Any Questions Shy Giant spread

There is a mini-trend this year in children’s books in which the writer directly engages with the characters, and sometimes even the reader, thus breaking the picture book equivalent of the fourth wall. Specifically, The Battle Bunny Book (Jon Scieszka, Mac Barnett) and A Perfectly Messed-Up Story (Patrick McDonnell) bear the marks of having been ‘interfered with’ in the form of scribbles and jam stains courtesy of the ‘reader’. Like these two publications, Marie-Louise Gay plays with the typical format of a picture book, presenting it as an interactive enterprise (albeit with fictional characters), and in doing so, giving us a glimpse into her own creative process. As one might imagine, it’s starts with a blank page, and a question. A lot of questions.

Any Questions yellow

And yet, with the publication of each new book, Gay is becoming more and more playful with her answers. There is a fluidity to her illustrations that is almost dream-like, as if each scene, characters and all, comes tumbling straight from her imagination to the awaiting page – issues resolved, compositions exquisitely realized. As with Gay’s recent books, in Any Questions?, some illustrations are watercolour only, while others take a more multi-media approach, incorporating found paper and bits of text. One senses that Marie-Louise Gay’s internal conversation with an in-progress illustration is loose and chatty. She is open to wherever the story wants to go, and the result, as expressed so beautifully in Any Questions?, is pure joy.

Any Questions coverMarie-Louise Gay is a world-renowned author and illustrator of more than 60 children’s books. She has won many prestigious honours, including two Governor General’s awards and the Marilynn Baillie Picture Book Award. She has also been nominated for the Astrid Lindgren Memorial Award and the Hans Christian Andersen Award, both of which she will surely win one day. Educated at the Institut des arts graphiques in Montreal where she studied graphic design, Gay moved on to the Montreal Museum of Fine Arts School where she majored in animation, followed by illustration studies at the Academy of Art College in San Francisco. Marie-Louise Gay currently lives and works in Montreal when she’s not out and about answering questions.

ANY QUESTIONS? by Marie-Louise Gay. Published by Groundwood Books, 2014

Previously reviewed (click on the link):

Roslyn Rutabaga and the Biggest Hole on Earth

Caramba and Henry

  • Posted on November 30, 2013
On a Snowy Night cover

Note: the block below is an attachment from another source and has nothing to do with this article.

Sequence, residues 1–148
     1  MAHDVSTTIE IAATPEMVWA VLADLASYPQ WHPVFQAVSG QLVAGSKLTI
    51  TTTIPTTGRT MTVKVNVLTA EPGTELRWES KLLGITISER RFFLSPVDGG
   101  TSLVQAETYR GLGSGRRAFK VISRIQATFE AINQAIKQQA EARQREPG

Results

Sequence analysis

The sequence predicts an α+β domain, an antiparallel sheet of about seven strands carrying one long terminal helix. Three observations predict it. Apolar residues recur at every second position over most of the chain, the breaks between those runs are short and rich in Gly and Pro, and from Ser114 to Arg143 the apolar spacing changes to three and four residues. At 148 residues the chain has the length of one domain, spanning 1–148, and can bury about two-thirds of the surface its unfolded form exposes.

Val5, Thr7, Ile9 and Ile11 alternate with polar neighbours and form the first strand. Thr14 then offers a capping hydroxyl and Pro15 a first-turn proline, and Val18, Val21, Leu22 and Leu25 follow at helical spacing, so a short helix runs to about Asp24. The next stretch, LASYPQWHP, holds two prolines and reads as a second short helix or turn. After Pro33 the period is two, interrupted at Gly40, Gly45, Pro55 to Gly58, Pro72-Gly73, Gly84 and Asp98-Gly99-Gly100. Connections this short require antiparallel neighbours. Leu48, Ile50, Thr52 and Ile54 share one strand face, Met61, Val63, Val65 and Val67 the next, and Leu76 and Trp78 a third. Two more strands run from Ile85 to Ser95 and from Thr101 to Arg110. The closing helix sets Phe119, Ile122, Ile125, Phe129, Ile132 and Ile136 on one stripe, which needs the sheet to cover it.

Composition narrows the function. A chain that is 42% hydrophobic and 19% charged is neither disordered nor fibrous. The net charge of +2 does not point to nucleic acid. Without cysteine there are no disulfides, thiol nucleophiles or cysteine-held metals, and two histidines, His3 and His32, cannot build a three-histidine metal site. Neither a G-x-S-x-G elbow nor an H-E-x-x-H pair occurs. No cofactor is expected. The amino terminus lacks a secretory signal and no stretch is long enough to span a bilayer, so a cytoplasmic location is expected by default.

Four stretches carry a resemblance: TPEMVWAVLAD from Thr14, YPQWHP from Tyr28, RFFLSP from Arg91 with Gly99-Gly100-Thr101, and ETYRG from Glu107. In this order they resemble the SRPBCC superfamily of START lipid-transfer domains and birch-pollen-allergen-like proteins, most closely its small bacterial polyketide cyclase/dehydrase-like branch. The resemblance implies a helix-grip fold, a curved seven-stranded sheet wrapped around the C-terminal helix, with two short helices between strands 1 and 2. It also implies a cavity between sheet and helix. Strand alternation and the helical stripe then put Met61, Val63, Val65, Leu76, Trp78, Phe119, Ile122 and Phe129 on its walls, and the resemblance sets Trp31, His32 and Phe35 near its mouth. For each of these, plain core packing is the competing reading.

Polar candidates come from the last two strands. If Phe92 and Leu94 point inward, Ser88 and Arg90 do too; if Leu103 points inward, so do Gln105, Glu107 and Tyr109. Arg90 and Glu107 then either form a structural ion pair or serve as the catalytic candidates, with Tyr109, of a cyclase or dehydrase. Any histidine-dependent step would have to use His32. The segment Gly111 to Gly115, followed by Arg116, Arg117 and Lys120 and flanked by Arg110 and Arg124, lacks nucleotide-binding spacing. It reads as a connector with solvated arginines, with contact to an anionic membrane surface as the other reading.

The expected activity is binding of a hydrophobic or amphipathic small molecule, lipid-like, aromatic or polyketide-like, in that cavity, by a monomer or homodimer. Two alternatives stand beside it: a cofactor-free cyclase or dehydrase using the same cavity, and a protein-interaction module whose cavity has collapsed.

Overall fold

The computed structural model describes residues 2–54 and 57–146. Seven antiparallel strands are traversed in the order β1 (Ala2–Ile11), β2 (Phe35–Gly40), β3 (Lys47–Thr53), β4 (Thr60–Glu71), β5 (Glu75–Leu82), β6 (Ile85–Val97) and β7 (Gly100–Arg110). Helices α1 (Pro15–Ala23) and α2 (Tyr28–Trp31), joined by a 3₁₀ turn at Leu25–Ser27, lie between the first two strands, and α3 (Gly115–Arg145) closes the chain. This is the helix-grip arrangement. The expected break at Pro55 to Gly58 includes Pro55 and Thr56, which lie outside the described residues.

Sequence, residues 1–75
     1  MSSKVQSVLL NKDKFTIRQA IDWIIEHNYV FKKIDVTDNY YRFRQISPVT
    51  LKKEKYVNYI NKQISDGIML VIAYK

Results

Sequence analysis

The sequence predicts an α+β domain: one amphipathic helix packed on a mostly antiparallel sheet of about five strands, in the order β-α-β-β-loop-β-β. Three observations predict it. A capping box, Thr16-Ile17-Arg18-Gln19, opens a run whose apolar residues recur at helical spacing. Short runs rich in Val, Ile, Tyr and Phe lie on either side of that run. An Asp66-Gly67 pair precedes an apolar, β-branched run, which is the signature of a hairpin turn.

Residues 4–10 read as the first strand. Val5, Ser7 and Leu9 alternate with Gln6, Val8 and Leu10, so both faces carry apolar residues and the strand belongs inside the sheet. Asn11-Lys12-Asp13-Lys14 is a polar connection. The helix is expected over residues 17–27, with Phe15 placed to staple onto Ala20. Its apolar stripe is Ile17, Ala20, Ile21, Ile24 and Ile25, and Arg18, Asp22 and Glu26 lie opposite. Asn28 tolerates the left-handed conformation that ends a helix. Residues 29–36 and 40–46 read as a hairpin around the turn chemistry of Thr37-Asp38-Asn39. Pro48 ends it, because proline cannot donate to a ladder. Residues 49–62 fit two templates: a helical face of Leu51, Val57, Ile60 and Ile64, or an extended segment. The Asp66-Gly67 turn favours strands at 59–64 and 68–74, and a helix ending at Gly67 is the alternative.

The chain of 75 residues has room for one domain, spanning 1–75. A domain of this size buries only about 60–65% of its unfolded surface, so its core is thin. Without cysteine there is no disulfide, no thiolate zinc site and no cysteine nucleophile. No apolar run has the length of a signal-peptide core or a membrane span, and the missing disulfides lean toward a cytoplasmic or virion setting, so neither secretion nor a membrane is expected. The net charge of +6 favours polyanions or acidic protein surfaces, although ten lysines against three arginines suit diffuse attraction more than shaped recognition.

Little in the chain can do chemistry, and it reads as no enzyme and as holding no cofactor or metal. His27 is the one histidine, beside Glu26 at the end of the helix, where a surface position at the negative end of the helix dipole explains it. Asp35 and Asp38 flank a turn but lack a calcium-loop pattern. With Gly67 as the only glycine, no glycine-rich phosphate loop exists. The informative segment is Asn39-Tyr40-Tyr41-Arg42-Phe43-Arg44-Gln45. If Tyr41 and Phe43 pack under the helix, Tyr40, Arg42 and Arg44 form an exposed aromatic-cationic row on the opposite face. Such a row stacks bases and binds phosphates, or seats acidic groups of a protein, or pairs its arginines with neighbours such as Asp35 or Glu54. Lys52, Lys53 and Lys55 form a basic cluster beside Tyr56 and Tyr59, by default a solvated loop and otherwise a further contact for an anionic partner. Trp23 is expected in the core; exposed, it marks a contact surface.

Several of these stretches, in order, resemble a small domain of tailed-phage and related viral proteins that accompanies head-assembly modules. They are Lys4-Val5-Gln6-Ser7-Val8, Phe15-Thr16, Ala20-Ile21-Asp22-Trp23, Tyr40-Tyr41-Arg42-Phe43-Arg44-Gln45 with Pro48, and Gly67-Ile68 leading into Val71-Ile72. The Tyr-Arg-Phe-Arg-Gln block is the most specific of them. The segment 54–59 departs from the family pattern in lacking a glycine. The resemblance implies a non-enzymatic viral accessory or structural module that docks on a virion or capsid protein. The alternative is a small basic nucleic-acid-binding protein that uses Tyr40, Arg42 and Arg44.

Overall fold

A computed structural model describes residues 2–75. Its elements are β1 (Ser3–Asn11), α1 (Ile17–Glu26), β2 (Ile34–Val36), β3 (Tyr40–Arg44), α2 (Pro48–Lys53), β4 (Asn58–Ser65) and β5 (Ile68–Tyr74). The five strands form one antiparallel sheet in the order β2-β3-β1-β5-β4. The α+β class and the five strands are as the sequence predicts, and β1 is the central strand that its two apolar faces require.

On a Snowy Night

I walk in the river valley and ravines of my city. It is my daily exercise, but more than that, it is my meditation. In the solitude and loveliness of nature, my cup runneth over. I’ve seen many miraculous things, but none that touched my heart more than an unlikely creature spotted one morning, nuzzling yellowed grass in the dead landscape of November. A small brown rabbit had taken up residence on a hill near the city’s centre. Large, sturdy-footed hares are ubiquitous in Edmonton, but this fellow was clearly domestic. Lost or abandoned, he had found a home beneath a set of stairs in full view of trail walkers like myself and the ever vigilant predatory wildlife who make their home in the river valley. I observed Brown Rabbit (pictured on the right) on numerous occasions, but after the first snow, I was surprised to find him Brown Rabbit by Donna McKinnonin his usual spot, nibbling a branch. After that, I began filling my pockets with vegetables and making strategic drops near the staircase. On good days, he would come out and feast on the bounty. Some days, usually cold days, he was nowhere to be found. I worried about Brown Rabbit, and I was not alone. Remnants of other ‘care packages’ were visible in the area, but calls to various wildlife rescue organizations proved fruitless. On the remote chance that he could be lured into a cage, no one was really interested in another abandoned domestic rabbit. “Best not to move him.” I was told.

On a blue-sky December afternoon near Christmas, I sat on the steps in the park and watched Brown Rabbit emerge from beneath the stairs, nearer to me than he’d ever previously dared. Perched on the steps just above the rabbit, the sun fiercely bright and cold on my face, I listened as he nibbled on vegetable tops and straws of timothy hay. In that moment it felt like I’d entered a state of grace with this little life. On some level, Brown Rabbit understood that I meant no harm. An animal’s trust is a gift. Once earned, it must be safeguarded.

On a Snowy Night abandonedOn a Snowy Night by Jean Little, with illustrations by Brian Deines, is the story of a broken trust. It is also a story of compassion, and unexpected friendships. When a young boy named Brandon is given a rabbit for his fifth birthday, he names her Rosa and proclaims her ‘perfect.’ For awhile, the boy is attentive, but as is often the case with children and pets, interest wanes, and Brandon begins to neglect Rosa, even forgetting to feed her. Excited by the freshly fallen snow on Christmas Eve, Brandon brings Rosa outside and inadvertently leaves her there when he runs inside to answer a call. Rosa tries to find her way back, but gets lost. The chickadees warm Rosa with their down feathers and a squirrel finds Brandon’s lost mitten (apparently this kid is easily distracted), and gently nudges the still shivering rabbit onto its woolen surface. A raccoon pops the nose off a snowman and offers Rosa the carrot. “I thought wild animals ate each other?” says Rosa. “Not on this night,” replies a hawk, who leads the rabbit back to her home, where an anxious Brandon is reunited with his lost bunny. Interestingly, Jean Little ends the story ambiguously. While Rosa is happy to be back home, she is a realist (if rabbits can be realists.) On a snowy night, on Christmas Eve, kindness and friendship may be found in unlikely places.